2. Use flat washers under bolt heads and nuts.
3. Insert all bolts. (Lubricate bolts.)
4. Make sure that the faces of the flanges mate snuggly prior to tightening of the bolts.
5. The bolts on the plastic flanges should be tightened by pulling down the nuts diametrically opposite each other using a torque wrench. (See
diagram below) Complete tightening should be accomplished in stages. The final torque values are shown in the table below. Uniform stress
across the flange will prevent leaky gaskets.
6. If the flange is mated to a rigid and stationary flanged object, or to a metal flange, the adjacent plastic pipe must be supported or anchored to
eliminate excessive stress on the flange joint.
1/2” – 1-1/2”
10 – 15 ft. lbs.
2” – 4”
20 - 30 ft. lbs.
6” – 8”
33 - 50 ft. lbs.
*For a well lubricated bolt with flat washers under bolt head and nut. The following tightening pattern is suggested for the flange bolts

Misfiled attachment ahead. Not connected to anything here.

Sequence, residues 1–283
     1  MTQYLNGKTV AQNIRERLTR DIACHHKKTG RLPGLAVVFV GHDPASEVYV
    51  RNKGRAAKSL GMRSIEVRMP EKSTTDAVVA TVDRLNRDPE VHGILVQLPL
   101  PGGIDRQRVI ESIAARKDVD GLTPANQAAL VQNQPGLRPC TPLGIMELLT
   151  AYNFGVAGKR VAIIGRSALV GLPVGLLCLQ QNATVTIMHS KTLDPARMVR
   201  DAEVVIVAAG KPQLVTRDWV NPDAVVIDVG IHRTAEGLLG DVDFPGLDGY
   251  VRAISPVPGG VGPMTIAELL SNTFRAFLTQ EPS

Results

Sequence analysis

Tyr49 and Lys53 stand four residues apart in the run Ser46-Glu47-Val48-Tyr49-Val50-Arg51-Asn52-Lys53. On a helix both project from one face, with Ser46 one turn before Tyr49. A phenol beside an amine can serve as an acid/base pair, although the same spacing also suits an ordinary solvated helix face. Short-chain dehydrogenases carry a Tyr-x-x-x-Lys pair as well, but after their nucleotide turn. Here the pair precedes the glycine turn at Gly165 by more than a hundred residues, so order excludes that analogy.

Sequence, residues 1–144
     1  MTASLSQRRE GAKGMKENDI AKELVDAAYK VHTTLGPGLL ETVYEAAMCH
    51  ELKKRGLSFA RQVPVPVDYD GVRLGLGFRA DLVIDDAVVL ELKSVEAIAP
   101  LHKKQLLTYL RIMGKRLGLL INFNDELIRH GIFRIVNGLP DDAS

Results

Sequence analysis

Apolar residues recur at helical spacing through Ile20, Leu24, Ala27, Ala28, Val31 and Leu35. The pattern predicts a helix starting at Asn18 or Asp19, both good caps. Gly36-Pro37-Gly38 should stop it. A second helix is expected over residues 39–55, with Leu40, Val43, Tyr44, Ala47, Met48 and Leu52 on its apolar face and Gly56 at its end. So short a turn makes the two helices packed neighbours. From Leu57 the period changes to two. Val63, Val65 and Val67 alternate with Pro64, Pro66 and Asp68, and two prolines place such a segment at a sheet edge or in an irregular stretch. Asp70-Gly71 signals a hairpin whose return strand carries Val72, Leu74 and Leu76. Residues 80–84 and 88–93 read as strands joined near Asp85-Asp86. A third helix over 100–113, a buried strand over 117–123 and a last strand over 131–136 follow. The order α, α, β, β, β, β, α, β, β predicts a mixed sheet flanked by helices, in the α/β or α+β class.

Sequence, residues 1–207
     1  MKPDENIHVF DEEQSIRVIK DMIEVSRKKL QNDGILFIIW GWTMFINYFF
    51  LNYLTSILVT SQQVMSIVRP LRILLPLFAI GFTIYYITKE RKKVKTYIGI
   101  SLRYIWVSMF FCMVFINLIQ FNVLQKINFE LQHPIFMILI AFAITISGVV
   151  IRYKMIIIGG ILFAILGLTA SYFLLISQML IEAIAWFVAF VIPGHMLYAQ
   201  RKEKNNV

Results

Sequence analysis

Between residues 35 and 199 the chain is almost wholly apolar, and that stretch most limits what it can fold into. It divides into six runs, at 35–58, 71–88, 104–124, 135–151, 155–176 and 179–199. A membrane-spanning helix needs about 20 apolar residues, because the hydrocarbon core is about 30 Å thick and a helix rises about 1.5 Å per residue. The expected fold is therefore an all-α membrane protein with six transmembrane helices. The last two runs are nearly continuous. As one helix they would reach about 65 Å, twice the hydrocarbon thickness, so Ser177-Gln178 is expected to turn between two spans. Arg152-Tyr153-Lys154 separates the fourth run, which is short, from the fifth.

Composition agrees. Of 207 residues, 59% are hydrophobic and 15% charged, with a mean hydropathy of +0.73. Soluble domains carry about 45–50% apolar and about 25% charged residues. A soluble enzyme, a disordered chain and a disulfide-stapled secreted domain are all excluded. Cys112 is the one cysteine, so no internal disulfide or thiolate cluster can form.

Caution: Do not overtighten flanges. When flanging the fixed end of single union valves, care should be taken to properly align the flange bolt holes, unless Van Stone type flanges are used.
Valve Cartridge–After allowing the proper joint drying time, end connections may be joined to the valve cartridge. O-rings provide the seal between the valve cartridge faces and the end connectors. Ensure that these O-rings are clean and in their proper grooves before slipping the valve cartridge between its end connectors. Slide the union nuts over the end connectors and screw onto the valve cartridge threads, no more than hand tight.